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Charlotte Cyclists Take BIG Ride For Traumatic Brain Injury Awareness

Posted on Nov 19, 2010
For the fifth time, Charlotte cyclists will spend 2.5 months riding their bikes across the country raising awareness about brain injuries, helmet safety, and bike safety. Stopping at churches, schools, and businesses across the nation, the group, called the B.I.G. Ride, will spread the word about seat belt and helmet safety while at the same time inspiring those affected by head injuries sustained in accidents.

This year, the ride took place from August 26 to November 4 and ended in Ben Barry’s home town of Charlotte.

Ben Barry, who organizes and leads the ride, has been inspired to spread brain injury awareness by his late wife Lee Anne Barry. At the age of five, Lee Anne was struck by a car while crossing the street and received a serious head injury that left her to struggle against disabilities for the rest of her life.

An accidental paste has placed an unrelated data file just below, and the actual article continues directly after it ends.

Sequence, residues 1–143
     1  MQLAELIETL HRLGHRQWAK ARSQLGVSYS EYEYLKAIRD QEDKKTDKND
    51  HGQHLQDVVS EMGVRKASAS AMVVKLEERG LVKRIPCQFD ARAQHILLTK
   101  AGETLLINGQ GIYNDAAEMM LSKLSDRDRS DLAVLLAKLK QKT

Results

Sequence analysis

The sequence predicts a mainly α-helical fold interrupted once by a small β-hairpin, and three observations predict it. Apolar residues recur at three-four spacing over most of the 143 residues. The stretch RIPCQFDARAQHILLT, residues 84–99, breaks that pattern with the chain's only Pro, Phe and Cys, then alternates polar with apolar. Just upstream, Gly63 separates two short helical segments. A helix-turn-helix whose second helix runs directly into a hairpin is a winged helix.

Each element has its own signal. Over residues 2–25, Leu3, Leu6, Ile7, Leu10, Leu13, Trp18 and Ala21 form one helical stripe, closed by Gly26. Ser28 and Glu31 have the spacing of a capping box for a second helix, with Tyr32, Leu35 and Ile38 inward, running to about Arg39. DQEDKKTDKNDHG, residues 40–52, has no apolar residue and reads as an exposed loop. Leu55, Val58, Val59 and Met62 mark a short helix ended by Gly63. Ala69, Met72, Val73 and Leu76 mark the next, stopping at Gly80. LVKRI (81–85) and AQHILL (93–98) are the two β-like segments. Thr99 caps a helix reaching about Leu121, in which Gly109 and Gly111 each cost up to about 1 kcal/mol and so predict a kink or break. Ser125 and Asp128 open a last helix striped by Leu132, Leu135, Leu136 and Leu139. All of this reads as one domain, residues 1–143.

As an adult, Lee Anne overcame all of the challenges put before her and became passionate both about cycling and brain injury awareness. She melded those two passions together by helping organize the first B.I.G Ride in 2001 alongside her husband. Tragically, during the final leg of the ride toward Charlotte, North Carolina, Barry was struck and killed by a car while on her bike. The bike accident took place on highway 521 between Lancaster, South Carolina, and her home in North Carolina. Tom Hoskins of Columbia, South Carolina, who was also participating in the charity ride, was also killed in the cyclist accident.

Before her death, Barry completed the cross country ride three times, educating people throughout the country about head injury safety and prevention.

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